But the SECOND big problem and nightmare is importing energy. We need (In theory) energy supplied TO the site in order to power the CCTV at night, and I suspect to also actually run the meter itself. This sounds trivial but ALL of the big six energy companies I talked to were incompetent, clueless buffoons who couldn’t even understand what I was asking for. The few clued-up energy companies who did offer a quote to supply energy are quoting a standing charge of £55 a day. Yes thats pounds, not pence. The actual energy usage will be under £50p a day. Yes, I have checked. Yes, this is absolutely totally and utterly insane. There are other charges added too which mean the bill would be about £28,000 a year to run 4 CCTV cameras.

Now you might ask “how the fuck can the standing charge for a business at location X be over a hundred times more than the standing charge for a house at X?”. You might also ask why the fuck the DNO can not provide the power. You might also ask why the fucking fuck we cannot use the power we generated ON SITE and use a tiny backup battery to ‘buffer’ some of it. These are all valid questions, and its driving me insane. Let me explain a bit…

There are two types of electricity meter. A standard domestic one, and whats called half-hourly meters. These are for big businesses and stuff like my farm. They have a different system of standing charges, which are calculated on something called a line-loss factor (LLF). Basically companies stuff power into a line, and meter whats taken out, and note the difference. Remote locations will have high LLFs, as a significant amount of power is lost in transmission (also theft).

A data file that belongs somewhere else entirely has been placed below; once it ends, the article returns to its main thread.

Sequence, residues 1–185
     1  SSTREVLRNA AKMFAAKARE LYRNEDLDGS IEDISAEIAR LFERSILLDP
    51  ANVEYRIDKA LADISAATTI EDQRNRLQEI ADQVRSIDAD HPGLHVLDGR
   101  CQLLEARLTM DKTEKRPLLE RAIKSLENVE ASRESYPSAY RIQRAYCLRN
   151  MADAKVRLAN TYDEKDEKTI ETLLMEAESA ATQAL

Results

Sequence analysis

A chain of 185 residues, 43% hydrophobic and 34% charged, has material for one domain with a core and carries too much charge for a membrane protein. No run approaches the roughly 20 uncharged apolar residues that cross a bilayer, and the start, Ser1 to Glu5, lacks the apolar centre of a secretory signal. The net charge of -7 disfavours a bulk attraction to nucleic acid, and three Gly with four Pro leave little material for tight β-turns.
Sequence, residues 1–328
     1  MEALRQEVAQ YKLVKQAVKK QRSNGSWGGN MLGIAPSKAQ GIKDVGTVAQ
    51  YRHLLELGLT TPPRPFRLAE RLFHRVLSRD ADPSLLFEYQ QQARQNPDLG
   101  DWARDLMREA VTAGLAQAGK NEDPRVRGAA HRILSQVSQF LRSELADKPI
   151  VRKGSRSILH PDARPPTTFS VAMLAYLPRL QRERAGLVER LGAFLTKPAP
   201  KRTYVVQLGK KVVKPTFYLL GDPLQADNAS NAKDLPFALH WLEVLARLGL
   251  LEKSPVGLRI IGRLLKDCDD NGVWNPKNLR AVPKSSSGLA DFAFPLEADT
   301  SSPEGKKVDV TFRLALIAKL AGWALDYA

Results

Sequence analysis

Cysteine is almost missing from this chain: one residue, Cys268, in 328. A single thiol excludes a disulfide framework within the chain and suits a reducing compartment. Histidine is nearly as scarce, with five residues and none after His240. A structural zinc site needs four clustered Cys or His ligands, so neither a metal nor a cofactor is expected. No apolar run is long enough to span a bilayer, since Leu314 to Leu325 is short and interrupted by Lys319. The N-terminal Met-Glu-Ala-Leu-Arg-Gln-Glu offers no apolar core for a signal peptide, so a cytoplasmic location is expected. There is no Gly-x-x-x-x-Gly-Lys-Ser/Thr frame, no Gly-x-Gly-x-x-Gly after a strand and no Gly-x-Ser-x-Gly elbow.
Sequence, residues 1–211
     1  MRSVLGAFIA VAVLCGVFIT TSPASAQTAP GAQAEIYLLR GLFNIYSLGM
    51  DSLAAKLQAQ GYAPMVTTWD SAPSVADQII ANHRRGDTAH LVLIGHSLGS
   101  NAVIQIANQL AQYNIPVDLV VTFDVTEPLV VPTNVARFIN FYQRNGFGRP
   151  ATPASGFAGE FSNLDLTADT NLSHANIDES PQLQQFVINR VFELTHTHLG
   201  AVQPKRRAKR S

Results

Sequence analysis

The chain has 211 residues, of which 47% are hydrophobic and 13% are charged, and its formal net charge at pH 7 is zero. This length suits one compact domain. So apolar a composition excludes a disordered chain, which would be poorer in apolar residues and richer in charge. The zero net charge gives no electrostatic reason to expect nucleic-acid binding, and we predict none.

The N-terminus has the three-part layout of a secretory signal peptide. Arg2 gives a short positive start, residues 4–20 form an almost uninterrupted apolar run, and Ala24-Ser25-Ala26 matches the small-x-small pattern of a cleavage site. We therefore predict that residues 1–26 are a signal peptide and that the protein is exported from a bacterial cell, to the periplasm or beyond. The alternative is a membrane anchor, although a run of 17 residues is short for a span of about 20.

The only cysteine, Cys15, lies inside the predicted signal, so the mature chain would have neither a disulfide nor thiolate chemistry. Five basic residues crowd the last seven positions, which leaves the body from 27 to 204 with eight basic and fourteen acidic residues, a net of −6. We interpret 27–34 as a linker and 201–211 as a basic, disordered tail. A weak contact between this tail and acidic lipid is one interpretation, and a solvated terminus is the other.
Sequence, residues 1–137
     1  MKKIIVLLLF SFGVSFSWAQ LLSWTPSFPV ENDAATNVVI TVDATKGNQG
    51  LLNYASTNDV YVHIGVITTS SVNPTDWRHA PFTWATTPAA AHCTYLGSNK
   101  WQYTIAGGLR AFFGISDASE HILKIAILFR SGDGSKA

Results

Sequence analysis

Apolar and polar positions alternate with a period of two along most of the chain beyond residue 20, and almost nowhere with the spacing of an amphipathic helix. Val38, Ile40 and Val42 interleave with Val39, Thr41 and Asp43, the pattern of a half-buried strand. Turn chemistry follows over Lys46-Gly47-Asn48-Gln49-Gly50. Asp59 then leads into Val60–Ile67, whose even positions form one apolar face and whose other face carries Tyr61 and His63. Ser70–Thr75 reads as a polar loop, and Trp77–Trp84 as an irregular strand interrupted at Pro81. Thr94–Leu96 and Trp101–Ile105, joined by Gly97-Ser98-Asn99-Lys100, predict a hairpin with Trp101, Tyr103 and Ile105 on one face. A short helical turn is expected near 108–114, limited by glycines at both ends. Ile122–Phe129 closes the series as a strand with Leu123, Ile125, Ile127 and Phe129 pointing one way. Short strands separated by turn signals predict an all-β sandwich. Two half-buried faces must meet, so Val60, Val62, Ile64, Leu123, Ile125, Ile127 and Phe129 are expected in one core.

In a remote location, a high LLF will mean a high standing charge. Initially we were quoted £186 PER DAY. Now its down to £55 a day, because we had to remind them it was now LV not HV. No, they had not even made that change in their database. Anyway, this is irrelevant, because the whole idea of a LLF affecting a STANDING charge is nuts. I don’t care if 50% of the power on that line is wasted, thats fine, bill me PER UNIT OF POWER 50% higher, I understand. And also…I don’t care because I’ll be importing a trivial, trivial amount of power… but thats not how the UK energy pricing system works. Its for some boneheaded, stupid, illogical and insane reason being placed as a lump sum on the standing charge.